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Led lighting in "2 steps" (555 blinker circuit)

Discussion in 'LEDs and Optoelectronics' started by ericd, Oct 26, 2012.

  1. ericd

    ericd

    3
    0
    Oct 26, 2012
    Hi, I just built an LED blinker circuit using a 555.

    I'm using a 1uF capacitor, and 1M resistors for both Ra and Rb (aiming for about 50% duty).
    It's blinking with about the desired frequency; however the LED is lighting up in "2 steps" (comes on dim at first, then goes full brightness).

    I've posted a video of it here:

    I'm assuming this is due to some sort of voltage ramping up on the pin3 (output) of the 555?
    What do I need to do so that the led lights up "cleanly" (i.e. no partial/dim lit up period)

    Thanks
     
  2. (*steve*)

    (*steve*) ¡sǝpodᴉʇuɐ ǝɥʇ ɹɐǝɥd Moderator

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    Jan 21, 2010
    I've seen damaged LEDs do this.

    Also note that Ra=Rb does not give you 50% duty cycle. It gives you about 33% (or 66% - depending how you have the output wired). Can you link to your circuit so I can be sure?

    Also 1M is getting a little large for resistors used with a 555. Try 100k and a 10uF capacitor.
     
  3. ericd

    ericd

    3
    0
    Oct 26, 2012
    Hi Steve, I tried several different LEDs and the same thing happened with them all.

    I'm using a slightly modified circuit that allows a duty cycle < 50% -- here's a link to it:
    http://www.williamson-labs.com/555-circuits.htm#timing
    ( the one the right).

    I actually fixed the issue by putting a 0.047uF capacitor between pin5 (control voltage) and ground (some other circuit diagrams just left pin5 floating).

    Can you briefly explain why 1M resistors are a bit large for the 555?

    Thanks
     
  4. (*steve*)

    (*steve*) ¡sǝpodᴉʇuɐ ǝɥʇ ɹɐǝɥd Moderator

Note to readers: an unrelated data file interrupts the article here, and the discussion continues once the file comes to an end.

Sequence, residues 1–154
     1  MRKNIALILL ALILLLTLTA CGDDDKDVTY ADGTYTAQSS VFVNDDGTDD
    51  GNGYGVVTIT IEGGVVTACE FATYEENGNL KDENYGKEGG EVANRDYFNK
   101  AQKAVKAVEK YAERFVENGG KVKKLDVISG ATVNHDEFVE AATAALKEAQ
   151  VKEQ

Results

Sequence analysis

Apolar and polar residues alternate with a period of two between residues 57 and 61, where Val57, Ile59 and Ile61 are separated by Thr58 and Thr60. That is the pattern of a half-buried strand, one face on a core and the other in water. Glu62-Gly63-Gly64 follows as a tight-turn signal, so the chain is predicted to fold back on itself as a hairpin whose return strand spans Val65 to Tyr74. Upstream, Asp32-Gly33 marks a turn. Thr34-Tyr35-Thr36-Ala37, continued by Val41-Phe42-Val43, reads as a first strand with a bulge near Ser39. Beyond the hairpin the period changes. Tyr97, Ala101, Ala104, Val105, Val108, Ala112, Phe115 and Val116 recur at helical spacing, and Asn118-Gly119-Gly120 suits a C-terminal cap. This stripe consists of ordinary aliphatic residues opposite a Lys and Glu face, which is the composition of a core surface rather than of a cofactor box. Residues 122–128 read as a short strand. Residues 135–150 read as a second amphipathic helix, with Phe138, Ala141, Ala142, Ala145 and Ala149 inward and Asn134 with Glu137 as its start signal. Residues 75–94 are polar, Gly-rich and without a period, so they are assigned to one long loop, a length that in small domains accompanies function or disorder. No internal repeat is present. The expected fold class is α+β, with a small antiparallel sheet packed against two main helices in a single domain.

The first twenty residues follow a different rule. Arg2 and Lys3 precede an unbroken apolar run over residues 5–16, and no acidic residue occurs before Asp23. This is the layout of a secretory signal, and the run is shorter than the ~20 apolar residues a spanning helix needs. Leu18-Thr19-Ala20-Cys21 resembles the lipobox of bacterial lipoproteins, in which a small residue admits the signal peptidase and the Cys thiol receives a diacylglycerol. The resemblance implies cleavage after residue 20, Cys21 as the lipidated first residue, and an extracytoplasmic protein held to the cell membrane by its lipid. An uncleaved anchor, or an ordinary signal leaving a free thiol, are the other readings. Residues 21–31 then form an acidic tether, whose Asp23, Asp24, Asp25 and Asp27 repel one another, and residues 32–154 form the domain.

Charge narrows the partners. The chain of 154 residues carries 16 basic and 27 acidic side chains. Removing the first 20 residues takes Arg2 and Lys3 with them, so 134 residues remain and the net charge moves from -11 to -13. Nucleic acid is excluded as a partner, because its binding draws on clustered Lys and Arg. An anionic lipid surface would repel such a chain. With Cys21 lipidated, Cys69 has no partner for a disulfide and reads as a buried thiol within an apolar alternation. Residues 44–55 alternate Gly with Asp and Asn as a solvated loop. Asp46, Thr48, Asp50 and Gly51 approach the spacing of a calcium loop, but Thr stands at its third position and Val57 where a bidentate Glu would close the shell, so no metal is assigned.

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    Jan 21, 2010
    Ah, OK. The 555 is pretty noisy when it switches. The Glitch on the supply can cause other logic to misbehave. In this case it's apparently causing the 555's comparators to mis-trigger. The capacitor on pin 5 maintains the input voltage on the comparators even if the power supply voltage goes glitchy.

    The specs say that "maximum value is R = RA + RB ≉ 3.4MΩ, and for VCC = 15 V, the maximum value is 10MΩ." see here.

    The reason is the threshold current. As the resistor values increase, the current flowing through this pin can exceed the current flowing through the resistor. It's best to keep well away from this as it will affect the timing before it stops it.

    The specs are assuming the worst case for this, so it's almost always safe. You just don't want to be bitten by it on the rare occasions it doesn't. If you can keep away from it you'll be safer.

    In your case Ra + Rb is not an issue because of your diode. In your case it's only Ra that's important, and 1M << 3.4M.

    I tend to keep the Ra + Rb under 1M if possible.
     
  5. ericd

    ericd

    3
    0
    Oct 26, 2012
    Cool, thanks Steve. I'll try with the 100k and 1uF like you suggest.
     
  6. (*steve*)

    (*steve*) ¡sǝpodᴉʇuɐ ǝɥʇ ɹɐǝɥd Moderator

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    Jan 21, 2010
    It likely won't make any difference, but remember that if you divide the resistors by 10 you need to multiply the capacitor by 10 (so 10uF)
     
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